How to Manage High Performing Teams in Wholesale Sales

By
Johnny Marx
July 14, 2015

Building a team of high performers is no small feat, but that doesn’t mean your work is done once you’ve got one. No matter how good your sales reps are, any sales team requires strategic management and planning. If you’ve gotten to this point, chances are you already have a pretty good handle on managing your team, and you’re thinking to yourself, “what else could I be doing?” We’ve gathered a few fresh ideas on how to plan for the seasons ahead, build and maintain a team environment, and effectively structure your team so they continue performing like the sales powerhouses you hired.

Take an Individualized Sales Coaching Approach to High Performing Teams

Often, sales reps aren’t exactly interested in taking time to strategize with their managers. They’d rather just hit the ground running and spend all their time selling. While you definitely want reps that are eager to sell, it’s best to not just send them out into the field guns blazing. Meet with each rep to devise individual goals and strategies. Yes, you can set quotas, but a better way of pushing your sales reps to thrive is to set a mutually agreed-upon goal. Help your rep map out how to achieve that goal or quota by identifying his or her weaknesses and playing to their strengths. For example, if your rep knows the product inside out, focus on how he or she can use their knowledge to tailor their pitch to each retailer, rather than being a walking, talking brochure. Take this individualized approach one step further by not only setting weekly or monthly goals, but also planning for the year ahead. What goals or quotas do you want your rep to push him or herself towards? Where do they see themselves down the road? Encourage your rep to set ambitious goals––and meet them––by building their skills at an individual level and creating a yearly plan unique to each rep. This may sound daunting and time consuming for a sales manager, but ultimately, you want to push your reps to perform at their highest standards. Creating an individualized plan with your reps allows you to tap into their strengths and motivate them to aim higher. As you get better acquainted with your team, you may find that their individual needs and strengths overlap, and individualizing a plan for each rep will not be as time consuming as you move forward.

Build a Collaborative Environment

When you have a group of top sales performers, the competitive energy is high. This can be good, but you want to make sure your reps don’t lose sight of the team. Sales reps often get the stigma of “Lone Rangers,” driven individuals who are smooth talkers, motivated to be the best. A great way to reel in your “Lone Rangers,” is to hold effective sales meetings that build a team environment. Instead of spending your sales meetings going over mundane administrative tasks, talk about upcoming goals and brainstorm––as a group––a plan on how to get there. Creating a dialogue amongst your reps rather than talking at them, is a great way to increase communication amongst your team so they can learn from each other and strategize together. Breaking up with Paper has featured ideas on how to hold effective sales meeting before, but here are some fresh ideas for conducting sales meetings that promote team communication:

  • Divide your team into two groups and hold a contest. This is a great way to leverage their competitive spirit while team-building.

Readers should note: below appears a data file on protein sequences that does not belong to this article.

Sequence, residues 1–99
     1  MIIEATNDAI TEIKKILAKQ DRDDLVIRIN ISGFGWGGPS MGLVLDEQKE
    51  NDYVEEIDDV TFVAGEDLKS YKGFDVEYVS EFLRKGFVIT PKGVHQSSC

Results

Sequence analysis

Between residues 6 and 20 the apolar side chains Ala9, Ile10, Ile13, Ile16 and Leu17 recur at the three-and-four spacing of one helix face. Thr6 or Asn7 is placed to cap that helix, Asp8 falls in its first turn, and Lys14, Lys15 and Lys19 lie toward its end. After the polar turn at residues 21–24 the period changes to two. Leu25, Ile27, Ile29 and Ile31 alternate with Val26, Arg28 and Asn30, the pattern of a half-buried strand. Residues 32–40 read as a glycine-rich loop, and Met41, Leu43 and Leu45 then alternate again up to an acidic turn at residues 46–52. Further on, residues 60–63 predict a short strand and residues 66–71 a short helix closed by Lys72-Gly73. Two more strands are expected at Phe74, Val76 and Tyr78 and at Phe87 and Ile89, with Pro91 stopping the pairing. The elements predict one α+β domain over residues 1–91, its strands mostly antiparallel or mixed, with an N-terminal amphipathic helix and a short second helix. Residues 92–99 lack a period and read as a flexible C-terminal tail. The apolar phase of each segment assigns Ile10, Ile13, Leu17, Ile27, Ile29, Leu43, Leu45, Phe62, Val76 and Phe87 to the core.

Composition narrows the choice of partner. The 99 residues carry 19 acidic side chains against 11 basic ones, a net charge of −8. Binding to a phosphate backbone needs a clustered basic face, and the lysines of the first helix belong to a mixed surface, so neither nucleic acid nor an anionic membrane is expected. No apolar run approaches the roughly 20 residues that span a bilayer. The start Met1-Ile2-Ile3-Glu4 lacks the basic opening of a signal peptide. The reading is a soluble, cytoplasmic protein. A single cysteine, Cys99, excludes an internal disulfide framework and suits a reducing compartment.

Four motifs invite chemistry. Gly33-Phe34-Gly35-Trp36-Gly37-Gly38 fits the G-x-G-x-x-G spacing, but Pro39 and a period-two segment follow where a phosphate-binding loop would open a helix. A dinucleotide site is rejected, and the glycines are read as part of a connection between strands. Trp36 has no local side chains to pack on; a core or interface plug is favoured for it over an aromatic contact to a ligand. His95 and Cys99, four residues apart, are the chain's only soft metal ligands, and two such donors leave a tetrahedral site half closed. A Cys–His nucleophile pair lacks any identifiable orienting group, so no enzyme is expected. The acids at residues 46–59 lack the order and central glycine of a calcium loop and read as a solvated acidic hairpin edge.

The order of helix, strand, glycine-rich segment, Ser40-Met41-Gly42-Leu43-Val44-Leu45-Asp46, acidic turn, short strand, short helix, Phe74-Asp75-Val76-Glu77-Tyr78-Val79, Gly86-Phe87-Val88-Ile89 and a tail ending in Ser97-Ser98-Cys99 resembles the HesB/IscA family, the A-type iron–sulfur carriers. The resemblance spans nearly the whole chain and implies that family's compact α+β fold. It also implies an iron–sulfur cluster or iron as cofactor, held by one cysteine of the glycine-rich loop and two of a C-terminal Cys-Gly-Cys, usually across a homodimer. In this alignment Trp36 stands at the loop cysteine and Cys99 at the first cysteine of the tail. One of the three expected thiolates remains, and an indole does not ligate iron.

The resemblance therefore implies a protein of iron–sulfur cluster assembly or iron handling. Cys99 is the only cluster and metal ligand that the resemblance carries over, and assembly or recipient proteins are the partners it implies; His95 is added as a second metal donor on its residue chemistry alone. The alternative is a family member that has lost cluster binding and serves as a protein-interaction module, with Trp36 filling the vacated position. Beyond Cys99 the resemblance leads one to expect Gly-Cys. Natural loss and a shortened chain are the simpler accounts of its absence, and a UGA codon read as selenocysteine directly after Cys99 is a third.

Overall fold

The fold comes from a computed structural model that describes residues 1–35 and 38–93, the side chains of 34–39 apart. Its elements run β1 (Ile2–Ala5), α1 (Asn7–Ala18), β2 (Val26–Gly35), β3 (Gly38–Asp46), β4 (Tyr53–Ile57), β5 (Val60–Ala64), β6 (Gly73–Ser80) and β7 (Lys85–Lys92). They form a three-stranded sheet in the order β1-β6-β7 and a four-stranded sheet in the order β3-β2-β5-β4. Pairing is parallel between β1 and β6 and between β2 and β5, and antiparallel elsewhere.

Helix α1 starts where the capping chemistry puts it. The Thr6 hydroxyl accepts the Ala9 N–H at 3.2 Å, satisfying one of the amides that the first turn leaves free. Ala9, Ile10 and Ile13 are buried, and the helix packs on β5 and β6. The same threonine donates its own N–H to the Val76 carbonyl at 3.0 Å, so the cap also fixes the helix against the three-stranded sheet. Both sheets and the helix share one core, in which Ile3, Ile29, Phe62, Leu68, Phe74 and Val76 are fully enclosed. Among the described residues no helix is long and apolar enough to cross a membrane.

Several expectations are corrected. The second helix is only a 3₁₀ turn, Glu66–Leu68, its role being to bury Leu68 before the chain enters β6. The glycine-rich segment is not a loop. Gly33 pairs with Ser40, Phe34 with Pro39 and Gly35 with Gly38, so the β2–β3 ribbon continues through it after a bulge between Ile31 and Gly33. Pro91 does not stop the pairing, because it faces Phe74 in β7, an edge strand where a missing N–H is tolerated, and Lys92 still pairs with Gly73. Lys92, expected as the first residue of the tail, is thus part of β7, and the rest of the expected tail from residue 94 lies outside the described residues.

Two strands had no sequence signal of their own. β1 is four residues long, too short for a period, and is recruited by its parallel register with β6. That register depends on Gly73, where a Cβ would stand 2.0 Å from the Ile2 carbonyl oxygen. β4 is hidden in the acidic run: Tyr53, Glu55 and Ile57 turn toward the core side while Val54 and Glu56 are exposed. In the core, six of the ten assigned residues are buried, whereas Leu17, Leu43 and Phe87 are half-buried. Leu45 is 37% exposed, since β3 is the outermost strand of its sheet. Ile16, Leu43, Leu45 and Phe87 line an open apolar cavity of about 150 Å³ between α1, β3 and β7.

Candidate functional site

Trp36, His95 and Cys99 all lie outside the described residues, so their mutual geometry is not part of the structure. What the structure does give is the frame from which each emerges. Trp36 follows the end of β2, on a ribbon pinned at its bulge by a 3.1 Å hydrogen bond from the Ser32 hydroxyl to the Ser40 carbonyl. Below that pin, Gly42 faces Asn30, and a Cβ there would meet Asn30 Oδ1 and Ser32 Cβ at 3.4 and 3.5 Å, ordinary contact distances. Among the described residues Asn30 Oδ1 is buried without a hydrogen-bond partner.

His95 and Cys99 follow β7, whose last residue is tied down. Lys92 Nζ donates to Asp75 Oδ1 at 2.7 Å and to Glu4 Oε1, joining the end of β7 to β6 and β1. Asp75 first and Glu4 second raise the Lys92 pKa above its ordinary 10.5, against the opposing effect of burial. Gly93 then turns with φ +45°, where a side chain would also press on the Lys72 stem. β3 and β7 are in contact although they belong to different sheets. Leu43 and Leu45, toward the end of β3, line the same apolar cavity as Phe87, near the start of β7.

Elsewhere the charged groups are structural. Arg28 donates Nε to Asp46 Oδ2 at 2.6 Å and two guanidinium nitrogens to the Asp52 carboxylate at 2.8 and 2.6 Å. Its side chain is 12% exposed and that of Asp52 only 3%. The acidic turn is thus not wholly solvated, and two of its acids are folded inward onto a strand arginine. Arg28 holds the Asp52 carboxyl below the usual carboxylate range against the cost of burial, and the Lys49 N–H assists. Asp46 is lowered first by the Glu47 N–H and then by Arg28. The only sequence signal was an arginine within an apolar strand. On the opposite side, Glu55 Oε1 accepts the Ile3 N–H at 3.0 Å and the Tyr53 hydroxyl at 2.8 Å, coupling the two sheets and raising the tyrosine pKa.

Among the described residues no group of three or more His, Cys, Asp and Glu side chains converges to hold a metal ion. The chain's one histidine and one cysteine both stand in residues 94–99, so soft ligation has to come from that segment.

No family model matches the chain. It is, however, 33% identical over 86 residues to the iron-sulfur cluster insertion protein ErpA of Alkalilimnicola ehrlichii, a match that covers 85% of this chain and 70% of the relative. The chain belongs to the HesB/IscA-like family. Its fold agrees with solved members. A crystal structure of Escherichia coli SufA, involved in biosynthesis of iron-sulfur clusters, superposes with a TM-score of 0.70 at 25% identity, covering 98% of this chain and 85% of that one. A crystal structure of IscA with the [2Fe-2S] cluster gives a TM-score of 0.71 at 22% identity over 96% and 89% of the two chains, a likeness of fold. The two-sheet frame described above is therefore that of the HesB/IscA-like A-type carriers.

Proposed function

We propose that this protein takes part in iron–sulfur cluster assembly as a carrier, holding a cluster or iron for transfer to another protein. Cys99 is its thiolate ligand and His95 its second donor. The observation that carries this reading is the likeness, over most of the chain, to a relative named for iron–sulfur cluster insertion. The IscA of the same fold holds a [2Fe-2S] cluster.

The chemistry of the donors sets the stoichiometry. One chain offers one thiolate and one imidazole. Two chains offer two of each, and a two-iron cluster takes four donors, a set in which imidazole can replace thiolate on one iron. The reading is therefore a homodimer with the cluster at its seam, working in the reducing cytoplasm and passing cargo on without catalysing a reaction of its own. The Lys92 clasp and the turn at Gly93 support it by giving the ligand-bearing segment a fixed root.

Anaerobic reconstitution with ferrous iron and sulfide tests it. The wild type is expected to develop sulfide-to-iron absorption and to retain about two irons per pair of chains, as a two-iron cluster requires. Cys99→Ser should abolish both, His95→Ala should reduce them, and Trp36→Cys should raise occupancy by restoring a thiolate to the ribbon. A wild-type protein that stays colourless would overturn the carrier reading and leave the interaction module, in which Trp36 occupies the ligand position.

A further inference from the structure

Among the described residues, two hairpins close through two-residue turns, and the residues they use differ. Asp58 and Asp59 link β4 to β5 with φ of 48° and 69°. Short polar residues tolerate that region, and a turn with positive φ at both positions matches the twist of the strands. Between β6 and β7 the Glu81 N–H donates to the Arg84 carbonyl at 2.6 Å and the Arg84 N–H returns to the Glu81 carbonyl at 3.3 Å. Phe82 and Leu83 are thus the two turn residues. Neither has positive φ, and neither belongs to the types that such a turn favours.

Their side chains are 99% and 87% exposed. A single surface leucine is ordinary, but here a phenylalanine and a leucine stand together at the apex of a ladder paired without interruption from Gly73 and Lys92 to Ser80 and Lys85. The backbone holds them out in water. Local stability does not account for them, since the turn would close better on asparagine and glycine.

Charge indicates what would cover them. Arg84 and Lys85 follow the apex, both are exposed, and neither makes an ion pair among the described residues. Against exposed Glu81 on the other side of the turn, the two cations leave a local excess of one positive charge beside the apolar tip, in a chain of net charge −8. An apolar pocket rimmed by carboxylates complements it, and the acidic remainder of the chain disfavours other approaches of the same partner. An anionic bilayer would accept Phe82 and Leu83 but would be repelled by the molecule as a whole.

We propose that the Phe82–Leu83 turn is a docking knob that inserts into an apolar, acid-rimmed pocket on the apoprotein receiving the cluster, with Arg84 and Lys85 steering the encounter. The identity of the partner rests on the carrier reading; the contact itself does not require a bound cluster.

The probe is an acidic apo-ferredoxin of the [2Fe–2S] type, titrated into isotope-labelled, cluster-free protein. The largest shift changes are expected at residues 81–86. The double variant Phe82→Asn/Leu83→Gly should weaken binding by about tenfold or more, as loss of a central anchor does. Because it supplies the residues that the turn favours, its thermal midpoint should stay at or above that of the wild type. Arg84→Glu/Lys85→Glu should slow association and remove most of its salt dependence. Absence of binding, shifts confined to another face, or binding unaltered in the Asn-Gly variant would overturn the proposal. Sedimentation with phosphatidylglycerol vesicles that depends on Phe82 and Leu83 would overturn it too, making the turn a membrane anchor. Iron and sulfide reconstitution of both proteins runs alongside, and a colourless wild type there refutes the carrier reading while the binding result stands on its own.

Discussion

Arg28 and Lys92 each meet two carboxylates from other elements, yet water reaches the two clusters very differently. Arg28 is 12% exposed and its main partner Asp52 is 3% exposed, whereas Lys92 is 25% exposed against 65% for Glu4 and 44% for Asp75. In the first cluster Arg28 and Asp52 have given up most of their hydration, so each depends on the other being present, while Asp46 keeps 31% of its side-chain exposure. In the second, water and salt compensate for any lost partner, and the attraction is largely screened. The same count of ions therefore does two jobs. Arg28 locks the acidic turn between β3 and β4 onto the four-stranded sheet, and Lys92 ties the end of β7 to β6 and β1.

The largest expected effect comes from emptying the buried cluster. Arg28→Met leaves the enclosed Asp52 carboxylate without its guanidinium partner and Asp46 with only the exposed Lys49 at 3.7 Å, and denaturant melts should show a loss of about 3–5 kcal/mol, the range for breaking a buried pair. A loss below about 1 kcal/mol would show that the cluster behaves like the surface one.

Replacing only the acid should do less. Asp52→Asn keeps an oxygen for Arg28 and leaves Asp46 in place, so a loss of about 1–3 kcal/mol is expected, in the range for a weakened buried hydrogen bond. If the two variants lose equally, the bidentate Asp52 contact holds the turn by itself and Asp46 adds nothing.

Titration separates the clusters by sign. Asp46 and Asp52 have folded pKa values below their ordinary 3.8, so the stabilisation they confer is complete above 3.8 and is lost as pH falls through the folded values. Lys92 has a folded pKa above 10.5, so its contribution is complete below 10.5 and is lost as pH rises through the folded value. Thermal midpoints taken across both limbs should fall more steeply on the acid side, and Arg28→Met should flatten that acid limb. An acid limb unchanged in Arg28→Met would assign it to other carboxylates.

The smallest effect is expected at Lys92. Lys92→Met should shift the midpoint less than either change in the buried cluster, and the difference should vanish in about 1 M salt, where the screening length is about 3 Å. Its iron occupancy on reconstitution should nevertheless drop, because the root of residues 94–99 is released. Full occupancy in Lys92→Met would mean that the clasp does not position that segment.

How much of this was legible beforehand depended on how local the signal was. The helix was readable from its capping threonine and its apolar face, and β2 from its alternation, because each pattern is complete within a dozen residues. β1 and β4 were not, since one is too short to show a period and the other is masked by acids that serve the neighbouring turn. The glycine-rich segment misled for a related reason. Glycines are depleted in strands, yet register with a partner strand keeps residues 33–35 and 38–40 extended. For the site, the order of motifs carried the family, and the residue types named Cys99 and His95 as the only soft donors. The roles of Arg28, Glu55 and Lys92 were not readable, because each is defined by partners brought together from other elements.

• Hold activities when possible, such as team outings, happy hours, etc.
  • Have “Snoop days” by dividing your team into pairs and having them scope out your competition to report back to the group.

Recognize the reps who are doing well. For example, if one of your reps landed a big client, or got an existing client to drastically increase an order, acknowledge that rep in your meeting. It will make them feel appreciated by the team, and motivate the rest to keep up. Another good way to ensure that your reps stay committed to the team is to divide your group into subgroups, or “pods.” Even if they are very small groups, having a few other individuals to identify with, or turn to for help, can be a great resource for your reps. Competition amongst the pods will keep the high competitive energy that sales requires up, while also ensuring that your reps have a supportive team to rely on and contribute to.

Provide Structure and Delegate Wisely

A problem that is common amongst wholesale companies and their sales teams is that there is often an assumption that sales reps are responsible for both finding the customers (prospects), as well as selling the product. Managing your team under this assumption can be incredibly inefficient and costly. Instead, a better way to manage your team is to divide your reps into two groups based on their strengths. One group is made up of “hunters” those who are effective at prospecting. These are reps that excel at identifying customers and building relationships. The other group is made up of “farmers.” These reps are the deal closers––the team that shines at turning leads into sales. Structuring your team this way is a good idea because many reps who are “hunters” don’t make good “farmers” and vice versa. Of course, there will be overlap, which can be a useful as well. However, part of managing high performing teams is identifying the strengths of your reps and putting them in a position to use them. You want to be sure that you are dividing responsibility evenly amongst your reps. The “hunter” – “farmer” model breaks down when there is too much responsibility placed on one group, leaving both groups at a disadvantage. Do you have some great strategies for managing a high performing team? We’d love to hear from you in the comments!